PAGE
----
Show Figures

Figure 1

15 pages, 7385 KiB  
Article
Reliability of the ERA5 in Replicating Mean and Extreme Temperatures across Europe
by Kondylia Velikou, Georgia Lazoglou, Konstantia Tolika and Christina Anagnostopoulou
Water 2022, 14(4), 543; https://doi.org/10.3390/w14040543 - 11 Feb 2022
Cited by 35 | Viewed by 4131
Abstract
ERA5 is widely considered as a valid proxy of observation at region scales. Surface air temperature from the E-OBS database and 196 meteorological stations across Europe are being applied for evaluation of the fifth-generation ECMWF reanalysis ERA5 temperature data in the period of [...] Read more.
ERA5 is widely considered as a valid proxy of observation at region scales. Surface air temperature from the E-OBS database and 196 meteorological stations across Europe are being applied for evaluation of the fifth-generation ECMWF reanalysis ERA5 temperature data in the period of 1981–2010. In general, ERA5 captures the mean and extreme temperatures very well and ERA5 is reliable for climate investigation over Europe. High correlations ranging from 0.995 to 1.000 indicate that ERA5 could capture the annual cycle very well. However, the high mean biases and high Root Mean Square Error (RMSE) for some European sub-regions (e.g., the Alps, the Mediterranean) reveal that ERA5 underestimates temperatures. The biases can be mainly attributed to the altitude differences between ERA5 grid points and stations. Comparing ERA5 with the other two datasets, ERA5 temperature presents more extreme temperature and small outliers for regions southern of 40° latitude and less extreme temperatures in areas over the Black Sea. In Scandinavia, ERA5 temperatures are more frequently extreme than the observational ones. Full article
Show Figures

Figure 1

22 pages, 7167 KiB  
Article
Evaluation of Past and Future Climate Trends under CMIP6 Scenarios for the UBNB (Abay), Ethiopia
by Addis A. Alaminie, Seifu A. Tilahun, Solomon A. Legesse, Fasikaw A. Zimale, Gashaw Bimrew Tarkegn and Mark R. Jury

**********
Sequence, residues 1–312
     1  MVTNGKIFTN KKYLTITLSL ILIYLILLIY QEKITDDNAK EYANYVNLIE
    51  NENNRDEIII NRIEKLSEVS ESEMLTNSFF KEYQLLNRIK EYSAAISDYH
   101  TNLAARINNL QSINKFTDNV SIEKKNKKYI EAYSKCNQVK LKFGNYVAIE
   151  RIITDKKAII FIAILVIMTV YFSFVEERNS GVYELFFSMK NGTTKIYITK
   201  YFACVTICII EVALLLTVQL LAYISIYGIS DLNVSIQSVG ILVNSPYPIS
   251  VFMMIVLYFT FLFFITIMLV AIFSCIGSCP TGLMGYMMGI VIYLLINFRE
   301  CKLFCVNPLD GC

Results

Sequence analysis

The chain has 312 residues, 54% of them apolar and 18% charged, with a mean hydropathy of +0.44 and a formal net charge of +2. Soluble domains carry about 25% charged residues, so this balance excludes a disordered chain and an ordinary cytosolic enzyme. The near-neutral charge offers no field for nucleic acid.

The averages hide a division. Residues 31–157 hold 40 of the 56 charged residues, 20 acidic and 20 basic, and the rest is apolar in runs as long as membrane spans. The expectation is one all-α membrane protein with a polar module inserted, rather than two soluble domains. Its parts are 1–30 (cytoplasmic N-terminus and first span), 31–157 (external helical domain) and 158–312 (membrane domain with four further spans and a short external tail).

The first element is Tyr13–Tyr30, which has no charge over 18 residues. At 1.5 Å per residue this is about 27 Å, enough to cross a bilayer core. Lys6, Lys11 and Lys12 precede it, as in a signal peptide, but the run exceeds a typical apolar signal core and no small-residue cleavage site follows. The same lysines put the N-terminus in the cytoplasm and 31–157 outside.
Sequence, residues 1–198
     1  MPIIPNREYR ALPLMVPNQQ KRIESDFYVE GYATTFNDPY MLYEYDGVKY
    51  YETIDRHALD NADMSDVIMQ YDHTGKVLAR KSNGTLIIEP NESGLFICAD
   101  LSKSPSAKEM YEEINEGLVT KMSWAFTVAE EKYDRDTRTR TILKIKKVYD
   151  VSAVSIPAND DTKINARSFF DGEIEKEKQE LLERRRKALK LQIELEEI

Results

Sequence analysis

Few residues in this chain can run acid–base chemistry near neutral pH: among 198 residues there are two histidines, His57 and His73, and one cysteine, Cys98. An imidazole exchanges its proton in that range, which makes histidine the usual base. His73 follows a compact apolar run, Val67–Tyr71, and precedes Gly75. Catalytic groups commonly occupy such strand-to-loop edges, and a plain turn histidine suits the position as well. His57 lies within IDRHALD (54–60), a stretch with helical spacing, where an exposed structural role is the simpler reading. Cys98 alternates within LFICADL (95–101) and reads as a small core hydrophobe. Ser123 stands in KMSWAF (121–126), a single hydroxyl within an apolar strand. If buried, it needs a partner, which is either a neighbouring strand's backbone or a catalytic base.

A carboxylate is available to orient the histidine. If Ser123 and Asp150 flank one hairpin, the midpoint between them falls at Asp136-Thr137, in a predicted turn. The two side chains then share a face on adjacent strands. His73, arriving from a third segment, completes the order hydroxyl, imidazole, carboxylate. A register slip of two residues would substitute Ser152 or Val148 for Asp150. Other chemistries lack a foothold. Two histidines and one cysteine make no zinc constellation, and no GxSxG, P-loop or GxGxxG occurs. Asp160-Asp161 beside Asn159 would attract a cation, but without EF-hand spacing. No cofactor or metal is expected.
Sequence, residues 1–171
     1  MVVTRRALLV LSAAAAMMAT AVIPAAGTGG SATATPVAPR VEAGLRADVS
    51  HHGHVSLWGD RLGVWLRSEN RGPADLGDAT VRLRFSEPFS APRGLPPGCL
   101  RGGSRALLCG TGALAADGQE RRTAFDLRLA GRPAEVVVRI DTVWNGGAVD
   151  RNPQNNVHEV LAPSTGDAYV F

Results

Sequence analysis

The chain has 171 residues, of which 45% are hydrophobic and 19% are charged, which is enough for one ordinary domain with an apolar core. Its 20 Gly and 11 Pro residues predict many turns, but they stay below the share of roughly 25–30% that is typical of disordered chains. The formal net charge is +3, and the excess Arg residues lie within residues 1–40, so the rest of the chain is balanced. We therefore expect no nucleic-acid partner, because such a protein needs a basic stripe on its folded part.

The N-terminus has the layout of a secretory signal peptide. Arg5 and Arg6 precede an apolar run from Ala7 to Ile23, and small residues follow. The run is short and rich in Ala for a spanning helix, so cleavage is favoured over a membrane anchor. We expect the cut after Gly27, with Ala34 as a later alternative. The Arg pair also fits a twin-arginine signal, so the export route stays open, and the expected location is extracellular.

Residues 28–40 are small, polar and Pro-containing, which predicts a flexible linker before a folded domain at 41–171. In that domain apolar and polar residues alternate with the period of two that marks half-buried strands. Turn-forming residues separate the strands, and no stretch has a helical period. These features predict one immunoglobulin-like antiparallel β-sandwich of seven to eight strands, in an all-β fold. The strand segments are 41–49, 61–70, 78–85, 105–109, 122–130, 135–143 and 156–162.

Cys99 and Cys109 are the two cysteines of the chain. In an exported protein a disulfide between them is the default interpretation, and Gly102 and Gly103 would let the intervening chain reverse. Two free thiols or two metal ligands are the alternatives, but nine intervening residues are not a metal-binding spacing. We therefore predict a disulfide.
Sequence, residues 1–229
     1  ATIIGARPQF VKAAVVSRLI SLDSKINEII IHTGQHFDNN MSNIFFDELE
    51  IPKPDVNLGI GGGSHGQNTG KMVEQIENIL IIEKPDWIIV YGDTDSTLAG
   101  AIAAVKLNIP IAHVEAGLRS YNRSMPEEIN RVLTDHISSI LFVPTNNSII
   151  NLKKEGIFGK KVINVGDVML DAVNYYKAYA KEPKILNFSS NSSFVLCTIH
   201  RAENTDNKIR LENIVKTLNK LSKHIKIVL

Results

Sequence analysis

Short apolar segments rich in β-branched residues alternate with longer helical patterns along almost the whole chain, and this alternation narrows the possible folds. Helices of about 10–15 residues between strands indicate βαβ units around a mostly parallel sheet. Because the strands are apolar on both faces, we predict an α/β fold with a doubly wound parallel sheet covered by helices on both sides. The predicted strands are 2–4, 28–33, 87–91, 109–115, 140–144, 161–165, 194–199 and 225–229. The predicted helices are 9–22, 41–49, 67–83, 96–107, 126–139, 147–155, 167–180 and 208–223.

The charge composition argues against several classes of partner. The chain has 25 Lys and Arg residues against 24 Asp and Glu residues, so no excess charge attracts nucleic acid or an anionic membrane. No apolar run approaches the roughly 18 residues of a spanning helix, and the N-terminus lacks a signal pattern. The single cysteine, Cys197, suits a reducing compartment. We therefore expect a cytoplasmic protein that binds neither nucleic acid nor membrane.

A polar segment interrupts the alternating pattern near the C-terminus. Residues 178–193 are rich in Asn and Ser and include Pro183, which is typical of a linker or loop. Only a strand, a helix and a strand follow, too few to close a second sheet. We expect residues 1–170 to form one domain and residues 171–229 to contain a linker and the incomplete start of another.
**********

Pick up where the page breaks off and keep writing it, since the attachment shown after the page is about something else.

Water 2021, 13(15), 2110; https://doi.org/10.3390/w13152110 - 31 Jul 2021
Cited by 31 | Viewed by 5046
Abstract
Climate predictions using recent and high-resolution climate models are becoming important for effective decision-making and for designing appropriate climate change adaptation and mitigation strategies. Due to highly variable climate and data scarcity of the upper Blue Nile Basin, previous studies did not detect [...] Read more.
Climate predictions using recent and high-resolution climate models are becoming important for effective decision-making and for designing appropriate climate change adaptation and mitigation strategies. Due to highly variable climate and data scarcity of the upper Blue Nile Basin, previous studies did not detect specific unified trends. This study discusses, the past and future climate projections under CMIP6-SSPs scenarios for the basin. For the models’ validation and selection, reanalysis data were used after comparing with area-averaged ground observational data. Quantile mapping systematic bias correction and Mann–Kendall trend test were applied to evaluate the trends of selected CMIP6 models during the 21st century. Results revealed that, ERA5 for temperature and GPCC for precipitation have best agreement with the basin observational data, MRI-ESM2-0 for temperature and BCC-CSM-2MR for precipitation were selected based on their highest performance. The MRI-ESM2-0 mean annual maximum temperature for the near (long)-term period shows an increase of 1.1 (1.5) °C, 1.3 (2.2) °C, 1.2 (2.8) °C, and 1.5 (3.8) °C under the four SSPs. On the other hand, the BCC-CSM-2MR precipitation projections show slightly (statistically insignificant) increasing trend for the near (long)-term periods by 5.9 (6.1)%, 12.8 (13.7)%, 9.5 (9.1)%, and 17.1(17.7)% under four SSPs scenarios. Full article
Show Figures

Figure 1

23 pages, 8143 KiB  
Article
Intercomparison of Gridded Precipitation Datasets over a Sub-Region of the Central Himalaya and the Southwestern Tibetan Plateau
by Alexandra Hamm, Anselm Arndt, Christine Kolbe, Xun Wang, Boris Thies, Oleksiy Boyko, Paolo Reggiani, Dieter Scherer, Jörg Bendix and Christoph Schneider
Water 2020, 12(11), 3271; https://doi.org/10.3390/w12113271 - 21 Nov 2020
Cited by 21 | Viewed by 4365
Abstract
Precipitation is a central quantity of hydrometeorological research and applications. Especially in complex terrain, such as in High Mountain Asia (HMA), surface precipitation observations are scarce. Gridded precipitation products are one way to overcome the limitations of ground truth observations. They can provide [...] Read more.